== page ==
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A digital sound card is a computer part most commonly used to translate electronic signals into audio signals that can be played through speakers. A sound card is designed in one of two ways, either as a separate part that plugs directly into a computer's motherboard, or built-in as part of the motherboard itself. A card also has various input and output jacks into which things such as speakers and even musical instruments can be plugged. Modern sound cards are capable of advanced audio functions, such as surround sound, and some can provide sound on a level comparable to dedicated home theater systems.
The two main purposes of a digital sound card are digital playback and music synthesis. Digital playback is simply the output of prerecorded music, whereas music synthesis is on-the-fly generation of sounds as a result of user input. A good example of this kind of technology is the use of a musical instrument digital interface (MIDI) keyboard plugged into a sound card. As keys on the keyboard are pressed, the sound card can generate notes based on stored data files of different kinds of instruments.
Sound cards were not standard equipment in computers until around the 1990s, before which time the most common sounds emitted from the typical computer were basic bleeps and bloops through a single internal speaker. Gradually, and driven largely by the computer game industry, digital sound technology progressed to include more complex audio. Increasingly, things such as sound effects, musical scores and even digitized voice acting became possible through hardware processing by a digital sound card.
Basic digital sound card technology in the early 1990s provided only one-channel mono output, as opposed to stereo or five-channel surround. In addition, the number of different sounds that could be played at once, a characteristic known as polyphony, was limited to no more than three. As a result, for a number of years the sounds that could be played by a computer were no more complex than a ring tone on a basic cell phone. Notably, early sound cards also typically included game ports, the only way for users to plug joysticks or controllers into their computers.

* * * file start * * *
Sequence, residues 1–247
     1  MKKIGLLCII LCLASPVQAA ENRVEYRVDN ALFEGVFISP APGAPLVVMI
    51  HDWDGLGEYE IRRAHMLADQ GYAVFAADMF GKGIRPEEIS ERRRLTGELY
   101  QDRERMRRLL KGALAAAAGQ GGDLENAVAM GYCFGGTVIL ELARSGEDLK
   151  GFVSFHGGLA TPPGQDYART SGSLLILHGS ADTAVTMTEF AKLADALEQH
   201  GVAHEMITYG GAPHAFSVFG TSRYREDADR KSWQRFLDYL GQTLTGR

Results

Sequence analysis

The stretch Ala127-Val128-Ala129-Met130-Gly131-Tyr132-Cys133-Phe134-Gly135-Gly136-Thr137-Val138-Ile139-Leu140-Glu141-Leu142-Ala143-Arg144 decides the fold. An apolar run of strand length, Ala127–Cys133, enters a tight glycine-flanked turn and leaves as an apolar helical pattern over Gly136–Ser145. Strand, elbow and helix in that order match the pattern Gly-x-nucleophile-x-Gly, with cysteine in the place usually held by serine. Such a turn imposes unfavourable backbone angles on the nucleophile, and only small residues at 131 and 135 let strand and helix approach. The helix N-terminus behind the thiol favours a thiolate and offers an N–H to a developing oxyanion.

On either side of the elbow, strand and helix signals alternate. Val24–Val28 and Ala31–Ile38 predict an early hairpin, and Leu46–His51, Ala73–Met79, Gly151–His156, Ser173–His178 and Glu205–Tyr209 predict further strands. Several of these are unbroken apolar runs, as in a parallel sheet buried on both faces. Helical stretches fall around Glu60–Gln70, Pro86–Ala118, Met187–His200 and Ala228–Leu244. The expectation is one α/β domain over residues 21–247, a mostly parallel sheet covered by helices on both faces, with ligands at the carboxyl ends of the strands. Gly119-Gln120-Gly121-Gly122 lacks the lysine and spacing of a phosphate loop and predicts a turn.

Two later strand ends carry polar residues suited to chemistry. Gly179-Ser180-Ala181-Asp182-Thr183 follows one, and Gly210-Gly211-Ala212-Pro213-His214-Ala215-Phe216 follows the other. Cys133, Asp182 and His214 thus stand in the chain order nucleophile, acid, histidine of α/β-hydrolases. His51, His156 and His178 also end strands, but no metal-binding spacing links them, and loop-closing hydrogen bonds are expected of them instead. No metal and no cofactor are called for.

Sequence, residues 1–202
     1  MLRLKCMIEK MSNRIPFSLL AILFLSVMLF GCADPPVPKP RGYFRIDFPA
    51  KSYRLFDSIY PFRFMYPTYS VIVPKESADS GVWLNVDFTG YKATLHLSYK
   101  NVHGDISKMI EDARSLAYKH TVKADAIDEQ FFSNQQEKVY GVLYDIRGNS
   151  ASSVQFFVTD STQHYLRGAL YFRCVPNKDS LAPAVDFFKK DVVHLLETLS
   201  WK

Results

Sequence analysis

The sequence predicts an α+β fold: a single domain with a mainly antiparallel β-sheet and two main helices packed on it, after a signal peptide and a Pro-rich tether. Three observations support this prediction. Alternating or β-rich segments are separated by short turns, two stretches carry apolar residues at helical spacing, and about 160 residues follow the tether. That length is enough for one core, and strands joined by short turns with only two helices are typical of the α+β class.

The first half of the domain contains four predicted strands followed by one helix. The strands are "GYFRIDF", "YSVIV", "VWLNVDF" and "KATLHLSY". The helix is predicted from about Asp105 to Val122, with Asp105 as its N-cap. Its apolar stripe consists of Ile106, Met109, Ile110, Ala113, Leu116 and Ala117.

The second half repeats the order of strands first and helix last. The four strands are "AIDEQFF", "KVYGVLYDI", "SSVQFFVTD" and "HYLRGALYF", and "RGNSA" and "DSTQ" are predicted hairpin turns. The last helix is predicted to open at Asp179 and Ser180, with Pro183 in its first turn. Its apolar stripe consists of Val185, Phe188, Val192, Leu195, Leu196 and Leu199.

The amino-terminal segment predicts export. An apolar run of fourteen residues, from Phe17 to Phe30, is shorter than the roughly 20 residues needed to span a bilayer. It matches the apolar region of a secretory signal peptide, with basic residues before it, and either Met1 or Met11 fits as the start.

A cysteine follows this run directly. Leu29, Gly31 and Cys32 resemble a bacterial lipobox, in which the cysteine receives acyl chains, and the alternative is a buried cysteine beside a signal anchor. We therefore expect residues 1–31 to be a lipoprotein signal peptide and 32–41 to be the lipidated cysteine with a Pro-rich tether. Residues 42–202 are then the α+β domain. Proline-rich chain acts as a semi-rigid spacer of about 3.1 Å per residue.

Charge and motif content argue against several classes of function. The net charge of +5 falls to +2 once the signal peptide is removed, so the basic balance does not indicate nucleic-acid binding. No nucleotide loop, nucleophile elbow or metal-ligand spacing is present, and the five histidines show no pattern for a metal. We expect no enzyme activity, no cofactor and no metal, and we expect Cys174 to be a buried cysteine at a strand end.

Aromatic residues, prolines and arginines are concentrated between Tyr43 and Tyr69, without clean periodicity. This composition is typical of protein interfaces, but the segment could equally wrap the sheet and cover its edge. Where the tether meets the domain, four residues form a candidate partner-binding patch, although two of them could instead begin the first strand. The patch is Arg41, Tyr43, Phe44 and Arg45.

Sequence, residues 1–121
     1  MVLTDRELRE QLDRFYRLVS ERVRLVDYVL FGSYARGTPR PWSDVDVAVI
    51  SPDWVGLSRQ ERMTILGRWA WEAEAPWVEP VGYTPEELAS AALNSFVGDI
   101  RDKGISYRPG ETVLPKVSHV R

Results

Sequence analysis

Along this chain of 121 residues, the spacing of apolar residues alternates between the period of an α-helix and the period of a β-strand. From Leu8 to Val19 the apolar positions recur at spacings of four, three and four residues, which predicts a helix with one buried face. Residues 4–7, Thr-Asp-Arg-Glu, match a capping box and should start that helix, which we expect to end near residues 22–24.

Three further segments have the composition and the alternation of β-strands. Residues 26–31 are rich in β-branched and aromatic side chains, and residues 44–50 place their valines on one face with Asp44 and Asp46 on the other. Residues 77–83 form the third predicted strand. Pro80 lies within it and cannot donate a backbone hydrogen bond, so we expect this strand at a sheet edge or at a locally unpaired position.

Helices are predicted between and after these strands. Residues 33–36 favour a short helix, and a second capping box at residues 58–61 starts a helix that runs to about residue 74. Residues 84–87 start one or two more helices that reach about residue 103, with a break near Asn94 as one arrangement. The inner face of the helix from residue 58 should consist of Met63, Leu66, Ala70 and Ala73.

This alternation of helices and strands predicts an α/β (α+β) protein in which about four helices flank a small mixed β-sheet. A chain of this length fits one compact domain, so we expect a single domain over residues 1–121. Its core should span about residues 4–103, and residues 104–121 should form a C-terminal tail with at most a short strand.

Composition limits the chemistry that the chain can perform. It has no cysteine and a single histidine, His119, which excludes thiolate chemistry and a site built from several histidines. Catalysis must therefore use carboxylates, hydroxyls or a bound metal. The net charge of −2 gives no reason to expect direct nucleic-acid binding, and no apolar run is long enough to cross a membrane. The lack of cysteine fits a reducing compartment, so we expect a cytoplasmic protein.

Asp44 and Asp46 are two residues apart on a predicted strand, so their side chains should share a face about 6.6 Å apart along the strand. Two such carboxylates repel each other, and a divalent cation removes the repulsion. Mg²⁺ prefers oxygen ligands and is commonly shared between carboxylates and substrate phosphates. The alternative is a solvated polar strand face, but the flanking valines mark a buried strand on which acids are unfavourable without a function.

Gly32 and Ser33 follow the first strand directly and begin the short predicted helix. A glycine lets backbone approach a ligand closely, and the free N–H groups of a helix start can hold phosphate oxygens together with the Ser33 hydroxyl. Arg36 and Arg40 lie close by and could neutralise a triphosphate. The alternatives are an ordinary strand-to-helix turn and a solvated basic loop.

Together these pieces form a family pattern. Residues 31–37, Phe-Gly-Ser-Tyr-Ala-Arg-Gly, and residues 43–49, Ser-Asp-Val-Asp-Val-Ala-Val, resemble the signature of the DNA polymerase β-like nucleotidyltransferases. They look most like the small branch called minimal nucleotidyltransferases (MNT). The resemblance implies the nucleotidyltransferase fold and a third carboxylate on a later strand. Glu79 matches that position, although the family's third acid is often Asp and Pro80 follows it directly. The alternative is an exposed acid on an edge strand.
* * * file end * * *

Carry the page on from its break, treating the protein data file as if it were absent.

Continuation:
Increasingly through the 1990s, sound card technology improved, and more advanced features such as stereo output became standard. In addition, more cards came to have their own random access memory (RAM) and central processing units (CPUs). This meant that the processing of audio could be offloaded from the computer's main memory and CPU, freeing up system resources for other tasks and allowing a user to maximize sound quality at the same time.
Beginning around the turn of the 20th century, an increasingly common practice for computer manufacturers was to incorporate basic sound cards into a computer's motherboard. This integrated solution is cheaper and takes up less physical space in a computer's case than one that needed to be plugged in to a slot. Features of on-board sound cards are generally minimal, however, and serious gamers and other power users still consider an add-on digital sound card essential.
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